Your contact details are placed at the top of the cover letter, on either the right or the left side. If you have trouble adhering to the space limit, omit your name from the contact details section; you will anyway be signing your name in the ending salutation.
Many mistakes occur here as the British and American notations differ. While the month is placed first and is followed by the date in the US version, the British notation gives the date first and the month afterwards. You should insert a comma between day and year in the American notation, but the British version requires no comma.
American and Canadian notations:
Month/Day/Year (March 15, 2014)
Day/Month/Year (15 March 2014)
It is common nowadays to indicate the date using only numbers—e.g. 05/10/2013—but it gives rise to misunderstandings. In the British notation, this would be 5 October 2013, but in the US, it would represent 10 May 2013. To avoid such misunderstandings, it is recommended to combine numbers and words in your notation.
Short and sweet
- Date in the US: March 15, 2014
- Date in the UK: 15 March 2014
The address of the recipient follows next. The recipient’s details must be stated in full, including the full name of the contact person. All the accessories of the company name and the designation of the contact person must be provided.
The greeting depends on the information available. If you know the name of the contact person, his/her name and surname must be included in the greeting. The salutation ‘Mr(.)’ is used for a man, while ‘Ms(.)’ is used for a woman. Use ‘Mrs(.)’ only if you know for a fact that the woman contact person is married. Otherwise, stick with the formal ‘Ms(.)’. Note that an academic title also belongs in the formal salutation and must be provided in the greeting accordingly.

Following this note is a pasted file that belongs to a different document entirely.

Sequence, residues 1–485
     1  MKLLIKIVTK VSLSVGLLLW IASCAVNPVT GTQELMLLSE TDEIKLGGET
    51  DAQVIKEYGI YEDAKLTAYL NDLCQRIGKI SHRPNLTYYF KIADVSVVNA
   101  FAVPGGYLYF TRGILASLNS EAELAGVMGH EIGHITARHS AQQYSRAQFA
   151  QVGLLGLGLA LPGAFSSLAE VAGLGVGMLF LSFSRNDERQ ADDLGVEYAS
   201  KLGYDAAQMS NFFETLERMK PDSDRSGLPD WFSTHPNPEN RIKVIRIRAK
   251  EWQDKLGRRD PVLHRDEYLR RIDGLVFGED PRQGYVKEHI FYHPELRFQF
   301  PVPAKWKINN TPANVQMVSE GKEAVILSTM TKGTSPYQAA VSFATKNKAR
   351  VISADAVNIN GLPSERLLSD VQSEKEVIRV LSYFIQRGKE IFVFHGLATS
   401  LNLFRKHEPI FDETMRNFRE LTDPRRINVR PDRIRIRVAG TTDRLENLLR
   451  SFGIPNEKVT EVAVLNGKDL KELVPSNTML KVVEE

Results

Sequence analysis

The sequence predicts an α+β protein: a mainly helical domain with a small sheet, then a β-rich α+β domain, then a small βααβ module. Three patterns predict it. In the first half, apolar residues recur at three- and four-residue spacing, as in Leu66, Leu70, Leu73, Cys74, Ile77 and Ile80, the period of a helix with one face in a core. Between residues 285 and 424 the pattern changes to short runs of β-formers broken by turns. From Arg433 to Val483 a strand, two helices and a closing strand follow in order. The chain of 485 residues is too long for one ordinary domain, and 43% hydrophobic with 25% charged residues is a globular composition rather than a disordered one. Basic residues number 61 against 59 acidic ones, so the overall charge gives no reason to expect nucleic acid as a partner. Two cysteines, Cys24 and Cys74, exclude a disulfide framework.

Dear Mr(.) XY,
Dear Ms(.) XY,
Dear Prof. XY,
The dot after ‘Mr’/‘Ms’ depends on the style of English being used. In a UK application, there is no dot after the salutation and it just says ‘Mr XY’. If you are applying in the US, however, a point follows the salutation and you write ‘Mr. XY’.
In case no contact person is mentioned, look for a suitable contact or HR manager—e.g. via online research. The best option is to inquire directly at the company for the name, title and designation of the required contact person.
Note also that a personal greeting is preferred to an impersonal salutation. Use the impersonal salutation only if you absolutely cannot find a suitable contact person.
In the latter case, the following alternative greetings are possible:
Dear Hiring Manager(,)
Dear Recruiting Team(,)
Dear Sir or Madam(,)
The salutation, ‘To whom it may concern’, is not recommended. It sounds impersonal and gives the impression that you sent a standard letter to multiple companies at one go. The reader should feel that he/she has been addressed personally. Your letter must give the impression that you are applying to only this company because the position here is exactly what you seek.
Once again, comma use depends on the style of English being followed. A comma or punctuation mark after the salutation is usually absent in the British cover letter, but present in the American one.
Short and sweet
- Ascertain the name of the contact person if this is unavailable. It is best to call the company and inquire.
- In British English, the title is written without a dot (‘Ms XY‘); in American English, it is written with a dot (‘Mr. XY’).